Struggling to find a place to live in London despite a £5,000 a week housing subsidy

You couldn’t make it up! In today’s ‘Evening Standard’;

“The wife of the new Bank of England Governor has sparked fury by suggesting that the couple are struggling to find a place to live in London despite receiving a £5000 a week taxpayer-funded housing subsidy.

Diana Carney tweeted a link to a news story about the French President Francois Hollande scaling back punitive taxes on the rich said to have triggered an exodus of wealthy Parisians to London.

The British born Oxford graduate, who runs a left of centre think tank Canada2020, complained in the tweet: “Maybe I’ll be able to find a place to live in London after all.”

But the comment, which comes days before the Government’s new “bedroom tax” on thousands of London housing benefit claimants comes into force, was condemned as insensitive by campaigners.

Paul Dimoldenberg, leader of the Labour group on Westminster council, said: “Even if she is being ironic, the fact is she and her husband are being paid a £5000 a week subsidy when the very poorest are having £17 a week of public support taken away.”
“Presumably this public subsidy reflects the fact that housing costs in central London are very high. But if it is acceptable to subsidise the Governor of the Bank of England how come the very poorest people who already live in central London are being demonised and run out of town?”

There are currently 166 properties listed for rent between £4,500 and £5,000 a week in some of the most exclusive addresses in London, on the Rightmove property website.

They range from a 7 bedroom mansion with an 111 ft garden in Hampstead to a luxurious four bedroom lateral apartment on Park Lane.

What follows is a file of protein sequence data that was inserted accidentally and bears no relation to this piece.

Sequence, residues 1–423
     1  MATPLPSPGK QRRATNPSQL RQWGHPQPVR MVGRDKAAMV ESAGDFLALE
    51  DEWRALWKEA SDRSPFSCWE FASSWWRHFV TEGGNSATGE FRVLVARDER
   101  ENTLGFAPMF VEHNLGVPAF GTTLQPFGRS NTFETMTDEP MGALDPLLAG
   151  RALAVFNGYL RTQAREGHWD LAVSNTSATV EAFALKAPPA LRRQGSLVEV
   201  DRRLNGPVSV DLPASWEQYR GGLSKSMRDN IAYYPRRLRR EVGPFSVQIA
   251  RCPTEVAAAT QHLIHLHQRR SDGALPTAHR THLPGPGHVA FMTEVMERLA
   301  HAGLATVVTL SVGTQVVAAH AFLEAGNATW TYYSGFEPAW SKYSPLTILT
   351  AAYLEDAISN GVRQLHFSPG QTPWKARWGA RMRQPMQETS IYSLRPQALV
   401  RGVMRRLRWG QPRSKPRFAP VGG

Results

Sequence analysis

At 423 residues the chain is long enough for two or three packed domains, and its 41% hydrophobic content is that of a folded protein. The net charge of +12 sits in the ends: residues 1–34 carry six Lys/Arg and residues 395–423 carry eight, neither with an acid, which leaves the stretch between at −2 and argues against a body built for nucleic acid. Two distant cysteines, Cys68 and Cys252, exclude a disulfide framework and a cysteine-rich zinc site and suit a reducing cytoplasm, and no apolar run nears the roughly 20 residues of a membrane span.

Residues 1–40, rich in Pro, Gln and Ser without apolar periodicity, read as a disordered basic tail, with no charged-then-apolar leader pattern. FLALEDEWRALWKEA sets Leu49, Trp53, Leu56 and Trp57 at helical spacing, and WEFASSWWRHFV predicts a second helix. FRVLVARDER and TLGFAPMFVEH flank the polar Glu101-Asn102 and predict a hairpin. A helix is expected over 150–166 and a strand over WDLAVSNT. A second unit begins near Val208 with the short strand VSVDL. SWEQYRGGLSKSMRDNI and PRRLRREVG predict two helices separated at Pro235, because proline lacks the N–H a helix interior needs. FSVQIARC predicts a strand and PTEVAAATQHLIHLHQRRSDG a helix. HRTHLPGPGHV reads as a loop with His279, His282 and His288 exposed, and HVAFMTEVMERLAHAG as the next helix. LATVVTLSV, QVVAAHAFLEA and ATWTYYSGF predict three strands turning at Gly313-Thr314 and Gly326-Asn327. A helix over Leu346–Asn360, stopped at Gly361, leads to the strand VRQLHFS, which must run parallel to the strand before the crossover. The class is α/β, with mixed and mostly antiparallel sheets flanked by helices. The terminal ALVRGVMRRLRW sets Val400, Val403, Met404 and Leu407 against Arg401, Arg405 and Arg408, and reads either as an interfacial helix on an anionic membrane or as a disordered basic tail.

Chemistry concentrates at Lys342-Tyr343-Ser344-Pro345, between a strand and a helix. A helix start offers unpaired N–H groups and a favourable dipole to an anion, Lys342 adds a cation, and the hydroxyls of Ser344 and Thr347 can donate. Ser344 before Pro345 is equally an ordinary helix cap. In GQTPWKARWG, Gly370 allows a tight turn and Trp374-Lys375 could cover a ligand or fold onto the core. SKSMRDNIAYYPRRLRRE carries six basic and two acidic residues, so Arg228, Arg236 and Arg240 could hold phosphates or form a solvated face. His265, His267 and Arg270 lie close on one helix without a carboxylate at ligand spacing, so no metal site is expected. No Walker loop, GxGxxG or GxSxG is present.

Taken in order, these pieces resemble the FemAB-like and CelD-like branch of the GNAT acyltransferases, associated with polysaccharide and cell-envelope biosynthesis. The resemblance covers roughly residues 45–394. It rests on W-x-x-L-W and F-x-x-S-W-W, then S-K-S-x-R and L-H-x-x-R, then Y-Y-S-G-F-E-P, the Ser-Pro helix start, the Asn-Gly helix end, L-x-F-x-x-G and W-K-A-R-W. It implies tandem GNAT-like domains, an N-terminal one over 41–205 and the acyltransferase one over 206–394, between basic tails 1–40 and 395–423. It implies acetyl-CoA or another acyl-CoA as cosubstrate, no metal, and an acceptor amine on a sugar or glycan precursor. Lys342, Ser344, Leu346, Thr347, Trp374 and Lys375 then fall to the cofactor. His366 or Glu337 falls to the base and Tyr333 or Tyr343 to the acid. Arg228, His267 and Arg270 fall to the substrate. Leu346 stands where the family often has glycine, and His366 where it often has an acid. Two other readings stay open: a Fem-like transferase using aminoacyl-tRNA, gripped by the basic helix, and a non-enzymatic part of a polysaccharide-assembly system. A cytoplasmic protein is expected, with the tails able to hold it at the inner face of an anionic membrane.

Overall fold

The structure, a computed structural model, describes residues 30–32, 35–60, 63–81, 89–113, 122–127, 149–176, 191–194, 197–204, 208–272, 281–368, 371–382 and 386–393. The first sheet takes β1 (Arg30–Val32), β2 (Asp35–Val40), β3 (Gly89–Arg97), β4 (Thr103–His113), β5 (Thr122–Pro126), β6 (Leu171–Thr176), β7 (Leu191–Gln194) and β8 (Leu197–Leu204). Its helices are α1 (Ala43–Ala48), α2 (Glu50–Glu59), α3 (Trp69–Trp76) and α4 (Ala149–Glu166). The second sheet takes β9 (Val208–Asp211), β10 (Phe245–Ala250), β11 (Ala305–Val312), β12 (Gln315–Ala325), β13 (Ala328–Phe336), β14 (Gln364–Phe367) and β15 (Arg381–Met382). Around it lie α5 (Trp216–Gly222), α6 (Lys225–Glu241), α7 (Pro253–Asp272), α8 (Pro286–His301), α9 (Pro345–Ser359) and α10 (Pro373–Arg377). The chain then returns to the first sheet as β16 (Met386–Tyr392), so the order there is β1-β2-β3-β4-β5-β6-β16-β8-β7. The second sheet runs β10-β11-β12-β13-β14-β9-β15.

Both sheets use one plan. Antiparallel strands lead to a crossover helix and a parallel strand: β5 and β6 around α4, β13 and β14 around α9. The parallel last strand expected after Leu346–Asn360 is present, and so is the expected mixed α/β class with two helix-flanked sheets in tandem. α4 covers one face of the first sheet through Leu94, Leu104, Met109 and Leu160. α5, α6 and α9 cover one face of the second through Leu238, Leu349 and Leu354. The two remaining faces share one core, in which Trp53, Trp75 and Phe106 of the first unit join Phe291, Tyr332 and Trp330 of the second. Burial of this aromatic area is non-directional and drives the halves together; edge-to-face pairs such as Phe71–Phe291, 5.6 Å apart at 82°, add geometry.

Mrs Carney’s husband Mark, a former £1 million a year Goldman Sachs banker, takes over the reins from Mervyn King at Threadneedle Street in July.

Mr Carney, currently governor of the Bank of Canada, will receive a salary of £624,000 and a £250,000 a year housing allowance.
Asked about the scale of the allowance by MPs on the Treasury select committee last year Mr Carney said: ”The housing allowance relates to the fact that I’m moving from one of the cheapest capitals (Ottowa) to one of the most expensive capitals. It’s a relatively common arrangements for senior executives.”

Labour MP John Mann, a member of the committee, said of Mrs Carney’s comment: ”Her husband is getting a housing allowance that is more than many of my constituents earn in ten years.

“I would be happy to help her find suitable accommodation. I’m prepared to move out of my London flat for her, which will be available at just 4 per cent of her housing allowance.”

The so called “bedroom tax” comes into force on Monday next week. It is estimated that around 80,000 low income families will have their benefits cut if they are deemed to have a spare room in their council or housing association home.

Those with one “spare” room would lose 14 per cent while those with two or more would lose 25 per cent. A report from the Commons Public Accounts Committee today warned that the chance could have a “severe impact” on Britain’s poorest families.

This entry was posted in Bedroom Tax, Housing, Housing Benefit, West End and tagged , , . Bookmark the permalink.

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